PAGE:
Bronchitis is acute inflamation of the tracheobronchial tree, generally self -limited and with eventual complete healing and return to function. Though commonly mild, bronchitis may be serious in debilitated patients and in those with chronic lung or heart disease. Pneumonia is a critical complication.


Acute bronclitis can be caused by infection or by exposure to irritants. Infectious bronchitis occur most often during the winter and is most often caused by viruses. Even after a viral infection has resolved the irritation it causes can continue to cause symptoms for weeks. Infectious bronchitis may also be caused by bacteria, and it often follows an upper respiratory viral infection.

Myceplasma pneumoniae and chamyclia pneumonie often cause bacterial bronchitis in young adults. Among middle-aged and older people, Streptococcus pneumoniae, Haemophilus influenzae, and Moraxella catarhalis are the most common organisms causing bacterial bronchitis.

Viral bronchitis may be caused by a number of common viruses, including the influenza virus. A person often has a combination of bacterial and viral bronchitis. Smokers and people who have chronic lung disease may have repeated attacks of acute bronchitis because mucous is less able to drain from their airways.

Malnutrition increases the risk of upper respiratory tract infections and subsequent acute bronchitis, especially in children and older people. Chronic sinus infection bronchiactasis, allergies also increase the risk of repeated episodes of bronchitis. Irritative bronchitis may be caused by exposure to various mineral and vegetable dusts.

Exposure to fumes from strong acids, ammonia, some organic solvents, chlorine, hydrogen sulphide, sulfur dioxide and bromine can also cause irritative bronchitis.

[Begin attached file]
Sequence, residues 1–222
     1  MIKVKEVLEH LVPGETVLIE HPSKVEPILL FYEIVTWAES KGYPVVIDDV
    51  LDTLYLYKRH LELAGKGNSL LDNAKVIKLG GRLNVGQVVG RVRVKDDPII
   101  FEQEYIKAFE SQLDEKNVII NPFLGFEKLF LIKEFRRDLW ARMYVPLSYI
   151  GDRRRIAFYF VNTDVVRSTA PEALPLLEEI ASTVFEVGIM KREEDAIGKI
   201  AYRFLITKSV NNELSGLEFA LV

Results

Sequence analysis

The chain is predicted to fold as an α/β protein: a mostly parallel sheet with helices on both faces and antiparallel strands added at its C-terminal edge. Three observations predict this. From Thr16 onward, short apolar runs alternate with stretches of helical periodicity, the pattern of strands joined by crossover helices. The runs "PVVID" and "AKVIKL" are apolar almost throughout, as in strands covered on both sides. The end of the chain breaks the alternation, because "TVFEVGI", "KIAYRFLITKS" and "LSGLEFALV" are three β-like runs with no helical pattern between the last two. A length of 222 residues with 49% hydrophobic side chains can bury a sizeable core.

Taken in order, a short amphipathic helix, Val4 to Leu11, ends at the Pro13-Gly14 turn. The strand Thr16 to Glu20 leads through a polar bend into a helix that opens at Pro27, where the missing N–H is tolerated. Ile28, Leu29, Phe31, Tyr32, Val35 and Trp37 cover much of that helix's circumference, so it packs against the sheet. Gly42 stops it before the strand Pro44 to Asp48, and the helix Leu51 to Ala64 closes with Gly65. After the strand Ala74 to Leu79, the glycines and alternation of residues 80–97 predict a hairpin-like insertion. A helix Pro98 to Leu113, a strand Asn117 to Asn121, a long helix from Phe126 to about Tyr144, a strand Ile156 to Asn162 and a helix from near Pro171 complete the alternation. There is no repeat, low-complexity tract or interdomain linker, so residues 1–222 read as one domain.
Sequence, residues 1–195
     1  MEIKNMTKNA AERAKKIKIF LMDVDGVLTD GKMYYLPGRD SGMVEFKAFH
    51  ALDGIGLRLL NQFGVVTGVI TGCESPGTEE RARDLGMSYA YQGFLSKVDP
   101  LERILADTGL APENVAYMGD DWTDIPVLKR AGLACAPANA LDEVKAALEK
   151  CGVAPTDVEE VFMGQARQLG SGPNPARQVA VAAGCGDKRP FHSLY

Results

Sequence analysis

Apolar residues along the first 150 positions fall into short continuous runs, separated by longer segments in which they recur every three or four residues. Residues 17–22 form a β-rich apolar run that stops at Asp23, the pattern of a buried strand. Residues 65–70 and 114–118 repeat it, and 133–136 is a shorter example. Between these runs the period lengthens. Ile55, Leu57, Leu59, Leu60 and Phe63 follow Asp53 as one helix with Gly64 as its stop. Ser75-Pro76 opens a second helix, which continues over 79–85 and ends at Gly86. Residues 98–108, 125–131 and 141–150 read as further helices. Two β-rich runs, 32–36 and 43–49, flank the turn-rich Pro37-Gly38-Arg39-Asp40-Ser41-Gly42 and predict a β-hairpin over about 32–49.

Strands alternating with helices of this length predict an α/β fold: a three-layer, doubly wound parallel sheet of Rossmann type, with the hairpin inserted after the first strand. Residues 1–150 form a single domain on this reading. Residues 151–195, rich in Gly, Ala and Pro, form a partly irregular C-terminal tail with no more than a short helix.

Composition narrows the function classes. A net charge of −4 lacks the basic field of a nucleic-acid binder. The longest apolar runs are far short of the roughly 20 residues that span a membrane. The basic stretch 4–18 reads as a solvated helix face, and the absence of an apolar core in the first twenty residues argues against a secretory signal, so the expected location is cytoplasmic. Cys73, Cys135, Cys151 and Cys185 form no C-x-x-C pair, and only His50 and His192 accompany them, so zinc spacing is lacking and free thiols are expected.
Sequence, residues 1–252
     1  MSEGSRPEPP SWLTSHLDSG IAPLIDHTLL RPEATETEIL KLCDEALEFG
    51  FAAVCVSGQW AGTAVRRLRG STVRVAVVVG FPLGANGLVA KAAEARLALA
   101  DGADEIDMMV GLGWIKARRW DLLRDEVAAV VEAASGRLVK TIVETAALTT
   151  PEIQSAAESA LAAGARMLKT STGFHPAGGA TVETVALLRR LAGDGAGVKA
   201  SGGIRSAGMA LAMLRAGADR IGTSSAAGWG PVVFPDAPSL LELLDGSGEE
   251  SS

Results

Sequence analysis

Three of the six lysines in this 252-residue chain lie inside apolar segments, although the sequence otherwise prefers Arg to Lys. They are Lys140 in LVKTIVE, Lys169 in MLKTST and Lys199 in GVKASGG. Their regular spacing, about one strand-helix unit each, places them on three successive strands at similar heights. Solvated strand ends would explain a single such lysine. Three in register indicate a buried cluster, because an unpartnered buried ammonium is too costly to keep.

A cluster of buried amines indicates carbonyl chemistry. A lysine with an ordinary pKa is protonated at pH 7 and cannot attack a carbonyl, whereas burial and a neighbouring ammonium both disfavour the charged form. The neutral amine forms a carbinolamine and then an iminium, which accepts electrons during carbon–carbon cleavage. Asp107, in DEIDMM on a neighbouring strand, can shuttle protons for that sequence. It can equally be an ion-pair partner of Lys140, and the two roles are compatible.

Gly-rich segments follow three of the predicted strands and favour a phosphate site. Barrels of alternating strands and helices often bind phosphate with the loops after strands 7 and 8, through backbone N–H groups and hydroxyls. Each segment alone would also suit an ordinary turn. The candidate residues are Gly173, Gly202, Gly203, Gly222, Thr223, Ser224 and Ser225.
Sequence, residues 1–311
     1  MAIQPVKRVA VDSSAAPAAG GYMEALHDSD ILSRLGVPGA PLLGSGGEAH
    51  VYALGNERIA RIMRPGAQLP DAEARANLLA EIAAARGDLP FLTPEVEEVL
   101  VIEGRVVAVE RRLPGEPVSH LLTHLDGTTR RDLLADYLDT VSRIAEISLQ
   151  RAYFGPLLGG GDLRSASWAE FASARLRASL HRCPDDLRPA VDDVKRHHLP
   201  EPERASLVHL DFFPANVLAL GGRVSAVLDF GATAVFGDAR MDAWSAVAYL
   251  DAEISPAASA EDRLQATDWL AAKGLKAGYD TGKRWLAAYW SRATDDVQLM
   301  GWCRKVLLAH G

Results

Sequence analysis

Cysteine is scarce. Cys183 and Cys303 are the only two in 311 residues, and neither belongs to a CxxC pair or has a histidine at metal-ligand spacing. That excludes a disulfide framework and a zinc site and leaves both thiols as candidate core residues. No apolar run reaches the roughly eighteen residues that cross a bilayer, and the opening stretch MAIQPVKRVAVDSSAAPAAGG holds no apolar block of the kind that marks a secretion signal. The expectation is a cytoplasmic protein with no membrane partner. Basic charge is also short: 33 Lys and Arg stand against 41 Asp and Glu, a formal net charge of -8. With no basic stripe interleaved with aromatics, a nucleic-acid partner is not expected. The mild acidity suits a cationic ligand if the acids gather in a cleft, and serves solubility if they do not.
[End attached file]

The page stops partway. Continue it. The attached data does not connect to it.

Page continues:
Pathology and pathophysiology

Hyperemia of the mucous membranes is the earliest change, followed by desquamation, oedema, lencocytic infiltration of the submucosa, and production of the sticky or mucopurulent exudate.

The protective functions of bronchial cilia, phagocytes, and lymphatics are distubbed, and bacteria may invade the normally sterile bronchi with consequent accumulation of cellular debris and mucopurulent exudate. Cough, though distressing, is essential to eliminate bronchial secretions. Airways obstruction may result from oedema of the bronchial walls, retained secretious, and in some cases, spasm of bronchial muscles.

Signs and symptoms

Acute infectious bronchitis is often preceded by symptoms of a upper respiratory infection : coryza, malaise, chillness, slight fever, back and muscle pain, and sore throat. On set of cough usually signals onset of bronchitis. The cough is initially dry and non productive, but small amounts of viscid sputum are raised after a few hours or days; it later becomes more abundant and mucoid or mucopurulent.

Frankly purulent sputum suggests superimposed bacterial infection. In severe uncomplicated case, fever to 38.3 or 38.90c (100 or 1020F) ma be present for upto 3 to 5 days, following which acute symptoms subside. Persistent fever suggests complicating pneumonia. Dyspnoea may be noted secondary to the airways obstruction. Pulmonary signs are few in uncomplicated acute bronchitis. Scattered high-or low -pitched rhonchi may be heard, as well as occasional crackling or moist rules at the bases.

Wheezing, specially after cough, is commonly noted. Persistent localised signs suggest development of bronchopneumonia. Serious complications are usually seen only in patients with underlying chronic respiratory disorder. In such patients acute bronchitis may lead to severe blood gas abnormalities.


Doctors may usually make a clinical diagnosis based on symptoms and lack of evidence of pneumonia. Wheezing may be heard during physical examination. On examination of sputum clear or white sputum may suggest viral and yellow or greenish sputum would suggest bacterial infection. On blood examination there will be neutrophil leucositosis. Sutum for Gm. staining and culture may be positive. X-ray chest to be done to exclude other diseases.


Patient should take complete bed rest. Analgescies and steam inhalation be prescribed for some symptomatic relief. To suppress cough at night suppressant cough mixture may be prescribed. Antibiotics of choice such as Amoxicillin and on cephalosponim may be prescribed. For airways obstruction broncho dialators may be prescribed. Inhalors may be used. In emergency or inhalation may be given.

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